Moulding Future Conservation Champions!
Report written by Lemayian Kennedy, Schools and Education Program Officer
Learning in a classroom for long periods of time proves difficult for most students at least occasionally. It becomes tedious when such lessons are only undertaken theoretically without practical sessions. Exposure compliments the ability of pupils to comprehend facts and easily grasp information that mostly tends to stick in their memories for ages. Coming very close to wild animals in the parks elicits enthusiasm, joy and fun for most pupils who despite living near Tsavo East National Park, rarely get the opportunity to experience the wilderness. Academic field trips compliment the general knowledge among school pupils where they increase awareness and expand a positive conservation perspective. Outdoor activities, such game drives, augment the Elephant and Bees Education Project class lessons, especially Lesson 10: Elephants and Elephant Range Land.
Living around the vast Tsavo East National Park (TENP), pupils tend to come across elephants and other wild animals in negative situations, especially through human-elephant conflict (HEC). Elephants often raid crops in their farms, blocking the very roads they use to access school, which in turn results in delayed learning. To them therefore, having a rare opportunity of viewing these animals portraying their natural behavior in the wild, such as elephants’ greetings, feeding, chasing and allomothering (caring for non-genetically related infants), all in the comfort of game vehicles remains a lifetime experience.
Last weekend, the E&B Education Program partnered with the Kenya Wildlife Service (who provided a sixty sitter game drive bus) and engaged the wildlife club members of Kileva Eastfield Primary School during a field trip to TENP. Kileva Eastfield is a partner school with which the E&B Project has had long interactions. The educational field trip sought to embolden their conservation awareness across the vast Tsavo National Park, the largest wildlife sanctuary in Kenya. We are so grateful to Disney Conservation Fund for providing the financial support to make these kids dream a reality of visiting Tsavo East National Park. The trip was just after the usual long rains thereby allowing captivating scenery within. Partnering with KWS officers, with seasoned experience about the park, was a huge boost. They explained to the pupils the behaviors and ecological characteristics of the various wildlife species encountered. They also tackled the importance and threats facing protected areas. The session was so interactive and lively that the pupils kept asking questions, ultimately to our joy.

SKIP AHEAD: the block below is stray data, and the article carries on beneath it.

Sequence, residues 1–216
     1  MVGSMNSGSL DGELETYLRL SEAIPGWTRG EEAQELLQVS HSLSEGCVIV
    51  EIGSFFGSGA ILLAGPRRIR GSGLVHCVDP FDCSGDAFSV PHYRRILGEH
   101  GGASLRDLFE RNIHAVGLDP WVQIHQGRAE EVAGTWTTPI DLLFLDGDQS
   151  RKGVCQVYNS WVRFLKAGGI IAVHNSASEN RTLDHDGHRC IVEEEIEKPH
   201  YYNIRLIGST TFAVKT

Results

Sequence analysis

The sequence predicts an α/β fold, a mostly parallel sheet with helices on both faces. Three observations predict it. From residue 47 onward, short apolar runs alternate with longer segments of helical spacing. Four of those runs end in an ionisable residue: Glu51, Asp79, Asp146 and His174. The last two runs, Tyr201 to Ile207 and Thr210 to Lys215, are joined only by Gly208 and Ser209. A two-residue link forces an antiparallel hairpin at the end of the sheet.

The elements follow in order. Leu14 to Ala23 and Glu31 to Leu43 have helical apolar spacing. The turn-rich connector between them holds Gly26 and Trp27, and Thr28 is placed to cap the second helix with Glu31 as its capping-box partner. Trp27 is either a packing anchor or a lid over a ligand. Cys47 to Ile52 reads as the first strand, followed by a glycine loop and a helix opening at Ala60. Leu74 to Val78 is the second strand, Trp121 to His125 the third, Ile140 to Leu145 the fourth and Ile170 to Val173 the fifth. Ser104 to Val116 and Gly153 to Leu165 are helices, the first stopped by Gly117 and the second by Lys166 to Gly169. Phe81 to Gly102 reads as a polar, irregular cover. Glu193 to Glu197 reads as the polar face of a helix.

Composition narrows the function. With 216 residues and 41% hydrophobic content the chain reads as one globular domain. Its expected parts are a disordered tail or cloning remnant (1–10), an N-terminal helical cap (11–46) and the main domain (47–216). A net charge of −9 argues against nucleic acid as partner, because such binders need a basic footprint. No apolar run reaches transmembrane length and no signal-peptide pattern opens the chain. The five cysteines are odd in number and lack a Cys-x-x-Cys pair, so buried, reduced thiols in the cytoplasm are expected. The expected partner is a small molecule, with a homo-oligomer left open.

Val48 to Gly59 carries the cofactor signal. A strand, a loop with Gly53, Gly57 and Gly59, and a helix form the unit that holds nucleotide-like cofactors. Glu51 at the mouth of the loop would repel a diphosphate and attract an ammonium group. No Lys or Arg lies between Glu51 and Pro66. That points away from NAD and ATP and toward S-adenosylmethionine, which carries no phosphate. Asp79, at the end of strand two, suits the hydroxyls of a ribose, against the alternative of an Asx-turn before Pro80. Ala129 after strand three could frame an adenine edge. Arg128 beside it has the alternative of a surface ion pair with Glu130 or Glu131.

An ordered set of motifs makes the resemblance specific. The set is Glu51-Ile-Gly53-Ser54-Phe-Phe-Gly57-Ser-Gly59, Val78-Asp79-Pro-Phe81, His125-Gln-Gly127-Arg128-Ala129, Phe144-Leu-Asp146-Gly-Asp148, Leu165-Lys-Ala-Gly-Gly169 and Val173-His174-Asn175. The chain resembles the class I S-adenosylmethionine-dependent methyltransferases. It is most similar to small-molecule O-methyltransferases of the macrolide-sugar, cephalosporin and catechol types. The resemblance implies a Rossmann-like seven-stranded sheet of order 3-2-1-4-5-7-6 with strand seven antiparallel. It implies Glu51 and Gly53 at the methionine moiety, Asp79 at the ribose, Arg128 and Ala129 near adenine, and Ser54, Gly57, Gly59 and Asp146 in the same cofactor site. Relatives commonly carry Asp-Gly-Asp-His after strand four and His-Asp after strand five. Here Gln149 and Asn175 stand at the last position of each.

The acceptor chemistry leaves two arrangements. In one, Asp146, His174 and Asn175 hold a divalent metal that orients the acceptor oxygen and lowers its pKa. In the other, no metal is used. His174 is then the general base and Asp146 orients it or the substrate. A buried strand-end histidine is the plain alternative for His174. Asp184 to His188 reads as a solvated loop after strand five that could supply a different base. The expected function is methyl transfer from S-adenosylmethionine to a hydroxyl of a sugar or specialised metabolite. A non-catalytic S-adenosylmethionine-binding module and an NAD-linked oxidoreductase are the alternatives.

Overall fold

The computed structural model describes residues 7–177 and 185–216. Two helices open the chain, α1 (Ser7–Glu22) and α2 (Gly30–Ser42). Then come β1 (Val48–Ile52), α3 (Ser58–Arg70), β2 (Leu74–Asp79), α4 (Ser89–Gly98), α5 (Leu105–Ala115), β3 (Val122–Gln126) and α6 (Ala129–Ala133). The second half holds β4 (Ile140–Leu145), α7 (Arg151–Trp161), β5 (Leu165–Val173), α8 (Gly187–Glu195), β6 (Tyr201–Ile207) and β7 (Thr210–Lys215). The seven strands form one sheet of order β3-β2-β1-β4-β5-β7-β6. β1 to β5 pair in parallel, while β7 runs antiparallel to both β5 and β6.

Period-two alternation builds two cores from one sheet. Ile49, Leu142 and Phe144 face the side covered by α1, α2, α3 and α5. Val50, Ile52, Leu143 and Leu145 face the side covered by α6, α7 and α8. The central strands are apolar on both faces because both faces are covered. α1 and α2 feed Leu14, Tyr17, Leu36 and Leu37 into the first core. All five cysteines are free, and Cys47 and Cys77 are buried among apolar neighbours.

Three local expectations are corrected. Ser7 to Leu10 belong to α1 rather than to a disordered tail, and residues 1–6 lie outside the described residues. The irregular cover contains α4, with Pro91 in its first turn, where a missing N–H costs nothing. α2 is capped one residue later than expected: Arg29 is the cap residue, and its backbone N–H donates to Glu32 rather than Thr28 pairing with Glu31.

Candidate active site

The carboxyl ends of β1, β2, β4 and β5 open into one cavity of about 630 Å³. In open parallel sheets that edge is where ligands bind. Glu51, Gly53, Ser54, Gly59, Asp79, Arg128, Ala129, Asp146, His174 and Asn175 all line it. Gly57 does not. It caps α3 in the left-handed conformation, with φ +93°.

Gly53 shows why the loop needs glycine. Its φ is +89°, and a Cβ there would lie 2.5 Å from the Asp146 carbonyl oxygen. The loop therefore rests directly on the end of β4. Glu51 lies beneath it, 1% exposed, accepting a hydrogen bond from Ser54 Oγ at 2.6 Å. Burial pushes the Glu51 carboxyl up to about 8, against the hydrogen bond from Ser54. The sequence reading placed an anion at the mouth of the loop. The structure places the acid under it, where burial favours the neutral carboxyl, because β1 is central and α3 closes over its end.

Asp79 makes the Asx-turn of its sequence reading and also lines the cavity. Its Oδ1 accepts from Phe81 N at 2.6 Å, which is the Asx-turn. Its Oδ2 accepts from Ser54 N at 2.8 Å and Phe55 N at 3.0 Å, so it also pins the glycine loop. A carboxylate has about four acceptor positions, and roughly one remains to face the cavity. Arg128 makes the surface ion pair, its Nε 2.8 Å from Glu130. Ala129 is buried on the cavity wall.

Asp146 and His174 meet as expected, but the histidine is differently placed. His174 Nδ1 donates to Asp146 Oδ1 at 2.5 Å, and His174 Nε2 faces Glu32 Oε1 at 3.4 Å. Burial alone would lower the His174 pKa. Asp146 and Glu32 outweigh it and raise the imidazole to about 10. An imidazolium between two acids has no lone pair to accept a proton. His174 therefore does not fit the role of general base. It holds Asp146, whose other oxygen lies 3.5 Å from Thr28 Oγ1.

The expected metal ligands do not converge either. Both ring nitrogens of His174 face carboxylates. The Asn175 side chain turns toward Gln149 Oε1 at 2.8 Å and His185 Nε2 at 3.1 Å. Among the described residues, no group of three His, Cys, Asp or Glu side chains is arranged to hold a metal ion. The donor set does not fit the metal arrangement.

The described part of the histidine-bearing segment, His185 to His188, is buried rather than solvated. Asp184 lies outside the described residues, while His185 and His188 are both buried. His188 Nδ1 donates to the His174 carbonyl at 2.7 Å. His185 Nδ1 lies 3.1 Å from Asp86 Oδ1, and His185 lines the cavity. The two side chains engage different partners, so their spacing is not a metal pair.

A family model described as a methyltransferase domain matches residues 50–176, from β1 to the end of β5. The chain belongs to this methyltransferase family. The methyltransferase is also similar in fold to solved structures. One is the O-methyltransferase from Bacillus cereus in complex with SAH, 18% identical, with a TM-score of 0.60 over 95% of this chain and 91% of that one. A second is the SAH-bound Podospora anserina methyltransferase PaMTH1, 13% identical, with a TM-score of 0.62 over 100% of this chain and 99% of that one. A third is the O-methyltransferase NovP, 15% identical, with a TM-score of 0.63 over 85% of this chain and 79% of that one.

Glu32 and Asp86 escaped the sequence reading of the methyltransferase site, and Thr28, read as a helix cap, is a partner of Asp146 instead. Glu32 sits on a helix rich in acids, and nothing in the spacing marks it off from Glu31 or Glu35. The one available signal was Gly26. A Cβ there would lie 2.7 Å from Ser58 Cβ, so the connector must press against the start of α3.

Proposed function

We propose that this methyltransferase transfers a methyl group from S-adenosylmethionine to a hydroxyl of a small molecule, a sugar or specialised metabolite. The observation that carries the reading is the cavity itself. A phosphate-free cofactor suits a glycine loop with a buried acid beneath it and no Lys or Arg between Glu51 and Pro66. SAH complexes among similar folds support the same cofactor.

Mudanda Rock, a prime attraction site characterized by huge elongated rock outcrop that towers over the landscape, elicited fun moments as the pupils couldn’t imagine such amazing scenery. The massive rock is very special to the very way of life of the indigenous hunter and gatherer Waliangulu Community. Since time immemorial, they have used it to dry meat hunted from wild animals. Beneath the rocks is a water point where elephants and major wildlife congregate to drink and cool themselves.
It was fascinating for the students and the entire crew to have packed lunch at the top of Mudanda rock, and the cool breeze refreshed the entire team. This was the perfect time to revise with the pupils the elephant behaviour checklists provided in group discussions and ultimately fun games such as “who’s that animal?”, and charades.
To cap it all, a rare visit to the Voi Wildlife Safari Lodge was captivating. This is where elephants mostly assemble and it’s easy to watch the jumbos (elephants) very close, from the comfort of a security viewing tunnel. Pupils were just amazed! Coming so close to these Pachyderms very calm and relaxed, exhibiting their natural ways of life curiously caught the attention of everyone. One such student was William, who has always known elephants as trouble makers who raid crops and cause conflicts in his grand-father Wabongo’s home!
Little ones are nature lovers. At their age, they are overwhelmingly receptive and thus easily grasp information imparted to them. Such positive attitudes and knowledge remain ingrained in their memories forever. Therefore, when carefully engaged in conservation, they become future voices for our wildlife. Save The Elephants’ Elephants and Bees Project continues to shape tomorrow’s jumbo champions, who will consecutively build bridges between man and elephants, ultimately becoming local actors yet global thinkers. Together we all need to be informed. All thanks to Disney DCF grant for their generous support!